3 reasons investors will care about ESG in 2015
3 reasons investors will care about ESG in 2015
If the bottom-line business case for sustainability is so compelling, why aren’t more companies aggressively taking environmental, social and governance (ESG) action? I get that question a lot.
Some companies are waiting for stronger signals from investors that ESG efforts matter to them. Investors and lenders -- the capital markets -- have been skeptical that ESG matters to company performance and generally have not required companies to disclose their ESG efforts.
Investor disinterest dampens company action. In turn, lack of company action on ESG fuels investor skepticism. It’s a vicious circle that needs to be molded into a virtuous circle, where capital markets reward corporate sustainability performance with the capital and credit it deserves.
But that lack of interest from capital markets is changing. Until recently, investors made decisions based largely on a company’s track record, believing that past performance was a proxy for future success. But now, all bets are off.
The future will be different. Coming changes are highlighted in KPMG’s recent “Expect the Unexpected” report, which shows how 10 “global sustainability megaforces” will affect firms.
Once these megaforces were seen as irrelevant externalities, or someone else’s problem. Now their disruptive impacts on business are becoming unavoidable and increasingly significant. These impacts are big enough to intensify risk and volatility, the two nemeses of successful long-term investing. Together, they’re a disruption that can’t be ignored.
Capital markets now want to know if a company can handle the related risks and opportunities. Lenders ask: Can a company pay back its loans? How should we adjust our lending rates? Investors ask: Will a company continue to deliver a healthy return on our financial capital? Is it being a good steward of the natural and social capital on which it depends?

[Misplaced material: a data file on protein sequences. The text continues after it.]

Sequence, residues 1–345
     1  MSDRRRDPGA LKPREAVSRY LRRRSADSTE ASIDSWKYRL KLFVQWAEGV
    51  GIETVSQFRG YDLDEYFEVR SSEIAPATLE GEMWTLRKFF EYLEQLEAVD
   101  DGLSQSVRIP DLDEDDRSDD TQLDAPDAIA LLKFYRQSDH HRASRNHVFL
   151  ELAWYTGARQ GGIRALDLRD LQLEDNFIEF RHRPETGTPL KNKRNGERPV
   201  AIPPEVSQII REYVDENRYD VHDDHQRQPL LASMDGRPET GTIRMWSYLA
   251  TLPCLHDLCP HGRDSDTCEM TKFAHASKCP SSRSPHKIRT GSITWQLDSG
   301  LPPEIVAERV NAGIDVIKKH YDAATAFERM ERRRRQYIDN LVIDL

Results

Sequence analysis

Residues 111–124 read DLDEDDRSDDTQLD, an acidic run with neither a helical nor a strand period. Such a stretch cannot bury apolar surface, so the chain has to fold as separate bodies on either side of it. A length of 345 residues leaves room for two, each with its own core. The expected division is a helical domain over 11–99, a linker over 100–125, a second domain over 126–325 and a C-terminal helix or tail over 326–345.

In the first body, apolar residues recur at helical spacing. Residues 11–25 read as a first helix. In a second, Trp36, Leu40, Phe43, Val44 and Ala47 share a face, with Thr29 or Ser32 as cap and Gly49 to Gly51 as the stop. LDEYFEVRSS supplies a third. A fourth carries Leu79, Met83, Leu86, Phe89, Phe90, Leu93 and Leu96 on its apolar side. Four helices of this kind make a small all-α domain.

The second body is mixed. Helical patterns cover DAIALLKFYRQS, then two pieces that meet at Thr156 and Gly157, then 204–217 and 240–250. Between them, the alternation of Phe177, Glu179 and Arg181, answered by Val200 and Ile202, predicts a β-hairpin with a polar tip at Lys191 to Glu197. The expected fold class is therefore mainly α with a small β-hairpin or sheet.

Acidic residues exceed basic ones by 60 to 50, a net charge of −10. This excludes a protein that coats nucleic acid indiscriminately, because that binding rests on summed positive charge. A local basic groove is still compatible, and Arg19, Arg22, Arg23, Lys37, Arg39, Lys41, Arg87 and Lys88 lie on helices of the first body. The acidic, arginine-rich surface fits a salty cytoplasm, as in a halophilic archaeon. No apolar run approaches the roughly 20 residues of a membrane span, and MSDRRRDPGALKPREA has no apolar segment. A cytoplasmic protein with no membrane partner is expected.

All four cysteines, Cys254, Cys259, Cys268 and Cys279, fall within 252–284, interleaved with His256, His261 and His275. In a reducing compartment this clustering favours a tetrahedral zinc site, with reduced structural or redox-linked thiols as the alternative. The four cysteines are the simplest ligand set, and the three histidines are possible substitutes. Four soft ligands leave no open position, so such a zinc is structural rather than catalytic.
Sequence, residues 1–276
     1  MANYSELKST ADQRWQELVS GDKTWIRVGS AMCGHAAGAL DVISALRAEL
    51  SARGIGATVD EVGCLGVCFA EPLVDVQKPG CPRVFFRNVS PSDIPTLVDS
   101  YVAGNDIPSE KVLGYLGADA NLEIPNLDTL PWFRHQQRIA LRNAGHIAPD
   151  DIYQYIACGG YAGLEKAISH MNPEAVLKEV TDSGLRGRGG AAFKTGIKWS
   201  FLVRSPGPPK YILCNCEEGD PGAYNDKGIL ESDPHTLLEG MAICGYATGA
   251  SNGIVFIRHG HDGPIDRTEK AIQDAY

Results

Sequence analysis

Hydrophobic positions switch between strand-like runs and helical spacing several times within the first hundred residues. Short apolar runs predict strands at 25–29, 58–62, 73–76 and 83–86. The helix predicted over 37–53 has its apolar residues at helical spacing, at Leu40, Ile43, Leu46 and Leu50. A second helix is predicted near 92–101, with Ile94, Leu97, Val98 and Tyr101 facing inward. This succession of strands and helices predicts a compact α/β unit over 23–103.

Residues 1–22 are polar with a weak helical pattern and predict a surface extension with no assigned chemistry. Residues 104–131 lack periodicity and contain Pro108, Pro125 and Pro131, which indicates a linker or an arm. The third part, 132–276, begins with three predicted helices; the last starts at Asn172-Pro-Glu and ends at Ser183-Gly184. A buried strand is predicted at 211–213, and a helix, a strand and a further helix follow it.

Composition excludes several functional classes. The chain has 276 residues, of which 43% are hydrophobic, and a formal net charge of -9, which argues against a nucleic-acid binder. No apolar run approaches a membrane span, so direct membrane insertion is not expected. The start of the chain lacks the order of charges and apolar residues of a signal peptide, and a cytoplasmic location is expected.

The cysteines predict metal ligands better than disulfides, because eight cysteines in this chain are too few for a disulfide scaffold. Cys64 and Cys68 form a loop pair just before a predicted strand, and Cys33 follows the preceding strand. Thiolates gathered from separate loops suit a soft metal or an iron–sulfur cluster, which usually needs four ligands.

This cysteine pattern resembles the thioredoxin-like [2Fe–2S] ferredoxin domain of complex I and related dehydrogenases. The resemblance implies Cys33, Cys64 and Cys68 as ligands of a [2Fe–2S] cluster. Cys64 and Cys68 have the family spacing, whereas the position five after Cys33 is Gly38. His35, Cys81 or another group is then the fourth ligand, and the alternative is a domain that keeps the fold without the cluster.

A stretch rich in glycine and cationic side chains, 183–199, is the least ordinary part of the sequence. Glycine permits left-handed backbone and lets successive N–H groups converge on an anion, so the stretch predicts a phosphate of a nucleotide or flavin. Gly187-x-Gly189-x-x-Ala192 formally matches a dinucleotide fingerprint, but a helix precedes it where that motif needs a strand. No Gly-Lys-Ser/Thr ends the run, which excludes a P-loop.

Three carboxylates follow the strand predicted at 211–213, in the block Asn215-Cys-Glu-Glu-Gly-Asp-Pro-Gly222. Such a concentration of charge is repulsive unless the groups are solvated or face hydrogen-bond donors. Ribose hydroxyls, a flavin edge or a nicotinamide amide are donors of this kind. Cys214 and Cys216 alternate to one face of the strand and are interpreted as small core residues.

New guidance for ESG in capital markets
By 2015, three new initiatives will provide capital markets with insights about how future-proof a company is. Individually, these efforts address firm ratings, voluntary reporting and regulatory disclosure. Together, they will cause a sweeping change in how capital markets treat ESG.
1. A new ratings standard
Rating organizations such as Sustainalytics and Sustainable Asset Management evaluate firms on a host of criteria, including elements of ESG. Their ratings guide investors’ decisions. But the ratings landscape has become chaotic. Ratings have proliferated -- there are now more than 100 rating organizations -- and it’s often difficult to know whether they adequately capture firms’ ESG actions and vulnerabilities. Indeed, NBS’s Leadership Council identified the proliferation of ratings as one of its 2013 Challenges.
The Global Initiative for Sustainability Ratings (GISR) aims to create a single, world-class corporate-sustainability ratings standard. Just as the Global Reporting Initiative (GRI) is a reporting standard and ISO 14000 is an environmental-management-systems standard, GISR will provide a unified ratings standard. GISR will not rate companies. Instead, it will certify ratings organizations based on whether they follow GISR standard’s principles, issues and indicators. This standardization will make all ratings more clear, systematic and relevant.
GISR is a joint project of CERES and the Tellus Institute, founders of the GRI. GISR is developing the standard with a global group of investment managers, pension funds, companies, NGOs, accountancies, academics, governments, raters and the public. The first version will be available by the first quarter of 2015.